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  • Author or Editor: Ram C. Purohit x
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CASE DESCRIPTION An 8-year-old Brahman-cross bull was evaluated for left hind limb lameness of 2 months' duration. The lameness was first noticed during a rodeo bucking performance, immediately after the bull appeared to land inappropriately on the affected limb.

CLINICAL FINDINGS Physical examination findings revealed left hind limb lameness, ataxia, and left-sided epaxial muscle atrophy. Palpation per rectum along the lumbar portion of the vertebral column revealed evidence of exostosis of the ventral aspect. High-definition infrared thermal imaging revealed a pattern of reduced skin temperature in the area of the left lumbar and gluteal regions suggestive of a disruption in the sympathetic control of peripheral blood flow. Nuclear scintigraphy revealed a focal area of increased radioisotope uptake on the left ventrolateral aspect of the L2–3 intervertebral joint. A presumptive diagnosis of ventrolateral vertebral spondylosis resulting in spinal nerve impingement was made.

TREATMENT AND OUTCOME 200 mg of methylprednisolone was epidurally injected at the site of the lesion, and treatment with polysulfated glycosaminoglycans was initiated (500 mg, IM, every 4 days for 7 treatments, then monthly thereafter). The lameness and ataxia observed in the left hind limb resolved within 1 week after treatment began. Subsequently, the bull was discharged from the hospital and was used successfully for semen collection and live-cover breeding.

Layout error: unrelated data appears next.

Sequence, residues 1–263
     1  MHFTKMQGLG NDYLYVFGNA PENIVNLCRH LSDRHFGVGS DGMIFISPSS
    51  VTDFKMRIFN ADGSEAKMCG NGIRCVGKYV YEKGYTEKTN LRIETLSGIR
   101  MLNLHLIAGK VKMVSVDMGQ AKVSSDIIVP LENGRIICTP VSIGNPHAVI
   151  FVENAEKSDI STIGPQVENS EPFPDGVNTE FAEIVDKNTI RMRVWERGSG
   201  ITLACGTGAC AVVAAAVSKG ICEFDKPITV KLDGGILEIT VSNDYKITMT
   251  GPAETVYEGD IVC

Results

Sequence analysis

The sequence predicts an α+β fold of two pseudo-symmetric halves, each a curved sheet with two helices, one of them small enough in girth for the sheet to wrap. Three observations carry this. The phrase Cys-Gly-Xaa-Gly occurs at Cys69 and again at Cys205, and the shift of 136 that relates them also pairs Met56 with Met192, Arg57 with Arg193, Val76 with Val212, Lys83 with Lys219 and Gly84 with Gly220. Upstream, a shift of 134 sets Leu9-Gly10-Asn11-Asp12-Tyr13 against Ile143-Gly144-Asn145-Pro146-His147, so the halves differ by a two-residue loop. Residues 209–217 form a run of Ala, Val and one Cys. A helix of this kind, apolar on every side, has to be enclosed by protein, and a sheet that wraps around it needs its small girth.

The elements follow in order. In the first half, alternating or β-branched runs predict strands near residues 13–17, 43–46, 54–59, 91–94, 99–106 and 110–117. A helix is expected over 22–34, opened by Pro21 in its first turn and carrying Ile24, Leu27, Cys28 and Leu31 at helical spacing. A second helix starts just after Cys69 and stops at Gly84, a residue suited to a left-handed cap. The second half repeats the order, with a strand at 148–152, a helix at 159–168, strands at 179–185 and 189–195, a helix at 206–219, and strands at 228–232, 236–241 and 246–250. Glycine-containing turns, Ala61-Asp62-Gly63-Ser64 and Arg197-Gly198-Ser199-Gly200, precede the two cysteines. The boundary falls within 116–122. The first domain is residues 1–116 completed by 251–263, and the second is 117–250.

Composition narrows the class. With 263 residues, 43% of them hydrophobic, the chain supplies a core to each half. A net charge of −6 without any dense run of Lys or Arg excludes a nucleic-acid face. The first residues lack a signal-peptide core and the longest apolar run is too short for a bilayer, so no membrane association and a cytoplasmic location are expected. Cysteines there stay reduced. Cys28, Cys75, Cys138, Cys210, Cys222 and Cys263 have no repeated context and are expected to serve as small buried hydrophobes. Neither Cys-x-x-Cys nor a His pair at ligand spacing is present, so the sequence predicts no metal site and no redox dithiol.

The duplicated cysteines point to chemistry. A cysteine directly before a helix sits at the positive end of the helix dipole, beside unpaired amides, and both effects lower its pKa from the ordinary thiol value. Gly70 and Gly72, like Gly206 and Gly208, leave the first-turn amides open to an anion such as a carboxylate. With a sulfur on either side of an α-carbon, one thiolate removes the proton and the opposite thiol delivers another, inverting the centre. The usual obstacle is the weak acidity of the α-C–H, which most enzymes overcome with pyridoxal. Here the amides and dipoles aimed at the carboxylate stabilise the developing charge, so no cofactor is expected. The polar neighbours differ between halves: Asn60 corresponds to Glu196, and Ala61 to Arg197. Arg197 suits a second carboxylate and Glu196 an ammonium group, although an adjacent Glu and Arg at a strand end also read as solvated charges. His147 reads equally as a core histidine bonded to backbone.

CLINICAL RELEVANCE Use of thermography for the bull of this report provided additional insight into neurovascular physiologic function that classical imaging modalities are unable to provide and, when combined with nuclear scintigraphy, aided in identifying the most critical lesion in a complex clinical case.

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in Journal of the American Veterinary Medical Association


Objective—To determine whether testicular needle biopsy is detrimental to testicular function in clinically normal bulls.

Design—Prospective study.

Animals—6 mixed-breed mature bulls.

Procedure—A randomly selected testicle from each bull was biopsied with a 14-gauge needle biopsy instrument. Bulls were then evaluated over a 90-day period for changes in scrotal temperature and thermal patterns, ultrasonographic appearance, and quality of spermatozoa. At the end of the 90-day study, bulls were castrated, and testicles were examined grossly and histologically.

Results—Changes were detected in scrotal temperatures and thermal patterns and in the breeding soundness examination results during the first 2 weeks of the study. However, there were no long-term changes in semen quality over the course of the experiment. Hyperechoic areas were detected on ultrasonographic examination and corresponded to the areas of penetration by the biopsy instrument. Microscopic lesions that were indicative of testicular dysfunction were not found.

Conclusions and Clinical Relevance—Results indicate that testicular biopsy is a safe procedure in bulls. Testicular biopsy could possibly be used to further examine bulls that have less than satisfactory results for breeding soundness examinations. (J Am Vet Med Assoc 2002;220:507–512)

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in Journal of the American Veterinary Medical Association